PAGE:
A woman dubbed “Grandma Cuddler” isn’t your typical volunteer in the neonatal intensive care unit at NewYork-Presbyterian Morgan Stanley Children’s Hospital.
Joan Hart, 81, is a “cuddler” and soothes babies in the NICU by patting them on the back, holding their tiny hands, using a pacifier or swaddling them. At times, she holds them with help from the nurses.
“When I hold them, sometimes I hum or sing — tunes like ‘You Are My Sunshine’ or Frank Sinatra’s love songs — or I talk to them. I tell them, ‘You have to eat and sleep so you can get big and strong.’ I talk to them about their future. I say, ‘You think a pacifier’s good? Wait till you see ice cream or lollipops or pancakes,’” she told Health Matters.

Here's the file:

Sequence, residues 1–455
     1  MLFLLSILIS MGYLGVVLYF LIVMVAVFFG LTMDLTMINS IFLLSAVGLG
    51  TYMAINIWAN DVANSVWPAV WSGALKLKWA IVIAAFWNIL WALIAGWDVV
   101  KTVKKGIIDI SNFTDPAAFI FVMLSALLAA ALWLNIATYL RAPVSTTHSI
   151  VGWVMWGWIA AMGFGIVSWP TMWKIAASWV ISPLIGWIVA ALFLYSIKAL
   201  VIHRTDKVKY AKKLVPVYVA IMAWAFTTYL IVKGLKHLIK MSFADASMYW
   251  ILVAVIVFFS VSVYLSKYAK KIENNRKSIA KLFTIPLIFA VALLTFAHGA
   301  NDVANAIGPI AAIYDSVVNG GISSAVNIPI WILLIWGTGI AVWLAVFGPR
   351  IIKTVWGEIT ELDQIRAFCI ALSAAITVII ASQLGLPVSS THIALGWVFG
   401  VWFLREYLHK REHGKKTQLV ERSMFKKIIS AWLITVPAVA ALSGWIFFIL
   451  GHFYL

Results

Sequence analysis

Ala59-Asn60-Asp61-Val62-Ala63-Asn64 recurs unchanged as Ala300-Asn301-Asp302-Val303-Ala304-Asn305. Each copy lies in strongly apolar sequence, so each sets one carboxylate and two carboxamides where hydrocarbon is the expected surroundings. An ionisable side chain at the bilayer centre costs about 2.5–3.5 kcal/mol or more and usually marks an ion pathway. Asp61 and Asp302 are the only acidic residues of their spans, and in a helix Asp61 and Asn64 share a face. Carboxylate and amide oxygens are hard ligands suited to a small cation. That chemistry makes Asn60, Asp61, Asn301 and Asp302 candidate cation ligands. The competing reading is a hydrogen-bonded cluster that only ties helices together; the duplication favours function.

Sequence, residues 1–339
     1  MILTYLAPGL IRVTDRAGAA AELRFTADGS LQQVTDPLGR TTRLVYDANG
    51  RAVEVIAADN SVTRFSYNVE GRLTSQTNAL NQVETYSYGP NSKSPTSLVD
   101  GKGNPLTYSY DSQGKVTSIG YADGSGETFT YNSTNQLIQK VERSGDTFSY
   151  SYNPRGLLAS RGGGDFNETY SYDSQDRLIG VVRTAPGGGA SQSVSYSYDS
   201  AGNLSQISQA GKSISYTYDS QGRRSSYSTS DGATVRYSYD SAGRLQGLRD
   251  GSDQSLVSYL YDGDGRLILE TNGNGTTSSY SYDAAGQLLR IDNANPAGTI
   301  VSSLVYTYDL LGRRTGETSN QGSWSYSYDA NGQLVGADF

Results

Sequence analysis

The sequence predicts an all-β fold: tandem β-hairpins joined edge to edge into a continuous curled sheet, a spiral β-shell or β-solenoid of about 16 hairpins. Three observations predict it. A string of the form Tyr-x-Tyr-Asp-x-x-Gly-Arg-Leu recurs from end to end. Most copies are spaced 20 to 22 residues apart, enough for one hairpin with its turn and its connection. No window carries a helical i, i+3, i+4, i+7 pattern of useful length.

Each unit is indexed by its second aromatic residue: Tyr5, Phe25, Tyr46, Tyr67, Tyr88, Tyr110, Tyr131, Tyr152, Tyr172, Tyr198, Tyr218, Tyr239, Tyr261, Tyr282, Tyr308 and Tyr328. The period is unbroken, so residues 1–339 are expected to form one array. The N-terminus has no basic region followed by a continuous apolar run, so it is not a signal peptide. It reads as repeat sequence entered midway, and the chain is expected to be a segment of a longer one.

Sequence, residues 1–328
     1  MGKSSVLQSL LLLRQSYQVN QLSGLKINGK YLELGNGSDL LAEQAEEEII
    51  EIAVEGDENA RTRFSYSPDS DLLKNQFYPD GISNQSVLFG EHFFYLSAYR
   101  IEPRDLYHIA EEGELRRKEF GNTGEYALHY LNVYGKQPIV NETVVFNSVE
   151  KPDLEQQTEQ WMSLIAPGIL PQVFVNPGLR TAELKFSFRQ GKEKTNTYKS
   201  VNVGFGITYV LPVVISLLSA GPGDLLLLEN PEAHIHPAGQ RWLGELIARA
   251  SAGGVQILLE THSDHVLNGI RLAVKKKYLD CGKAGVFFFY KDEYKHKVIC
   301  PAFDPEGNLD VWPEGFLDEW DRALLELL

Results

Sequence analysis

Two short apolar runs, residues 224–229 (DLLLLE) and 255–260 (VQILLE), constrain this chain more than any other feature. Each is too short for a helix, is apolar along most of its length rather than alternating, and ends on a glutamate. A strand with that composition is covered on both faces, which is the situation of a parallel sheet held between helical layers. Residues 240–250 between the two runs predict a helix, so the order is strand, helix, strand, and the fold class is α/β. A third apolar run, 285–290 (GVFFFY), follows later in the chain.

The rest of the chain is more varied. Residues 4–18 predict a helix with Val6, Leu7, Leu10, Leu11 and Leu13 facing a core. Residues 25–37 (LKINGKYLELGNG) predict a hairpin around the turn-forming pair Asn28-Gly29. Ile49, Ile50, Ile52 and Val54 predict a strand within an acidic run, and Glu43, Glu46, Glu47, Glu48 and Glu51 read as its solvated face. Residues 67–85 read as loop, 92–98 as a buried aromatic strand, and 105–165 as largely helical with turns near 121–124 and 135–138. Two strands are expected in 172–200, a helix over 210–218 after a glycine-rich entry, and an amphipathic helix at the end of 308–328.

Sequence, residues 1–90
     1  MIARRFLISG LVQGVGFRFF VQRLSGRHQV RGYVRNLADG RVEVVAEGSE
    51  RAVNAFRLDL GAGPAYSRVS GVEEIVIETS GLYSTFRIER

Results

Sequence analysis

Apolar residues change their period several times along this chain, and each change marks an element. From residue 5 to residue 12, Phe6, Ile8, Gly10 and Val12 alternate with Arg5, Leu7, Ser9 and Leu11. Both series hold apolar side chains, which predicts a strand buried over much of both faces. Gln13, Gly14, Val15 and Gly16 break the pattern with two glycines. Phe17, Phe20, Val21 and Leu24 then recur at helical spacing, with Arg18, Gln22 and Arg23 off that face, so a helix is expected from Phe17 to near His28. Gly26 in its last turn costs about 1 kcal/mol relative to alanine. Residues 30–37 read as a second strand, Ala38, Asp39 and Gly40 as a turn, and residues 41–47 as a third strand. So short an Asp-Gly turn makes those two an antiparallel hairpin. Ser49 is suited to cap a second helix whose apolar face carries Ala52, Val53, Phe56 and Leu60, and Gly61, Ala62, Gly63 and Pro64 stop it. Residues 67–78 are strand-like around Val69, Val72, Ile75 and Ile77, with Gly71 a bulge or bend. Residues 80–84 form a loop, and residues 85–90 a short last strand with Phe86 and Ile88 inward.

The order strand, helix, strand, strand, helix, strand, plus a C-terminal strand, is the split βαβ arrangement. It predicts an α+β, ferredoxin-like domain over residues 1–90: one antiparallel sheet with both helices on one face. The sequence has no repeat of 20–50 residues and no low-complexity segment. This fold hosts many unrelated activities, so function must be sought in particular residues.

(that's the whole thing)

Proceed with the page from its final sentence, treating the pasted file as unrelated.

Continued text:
Hart said she’s always been a “wannabe nurse” and many of her family members are nurses. She added that she’s had a passion for volunteering in hospitals and working with children.
Hart retired from her job as a senior staff administrator at IBM and joined the Cuddler Program in 2011 after volunteering at the hospital for two years. She became their first cuddler.
“The words weren’t out of her mouth when I said, ‘Of course I would! Who wouldn’t?’ The rest is history,” Hart said.
Hart said she falls “in love” with the NICU babies every week and will volunteer six or seven hours a week to help them. A cuddler is expected to volunteer four hours a week.
“I fall in love every week,” she said. “The minute you hold them and look into their sweet faces, you connect instantly. Each one has its own way to my heart.”
Johanna, whose son is in the NICU, called Hart “a grandmother” to her son after she helped soothe her newborn.
“She showed him love and support when I couldn’t be here. She has such an amazing heart. You can see she’s selfless and has such love and compassion. I’m so thankful for her,” she said.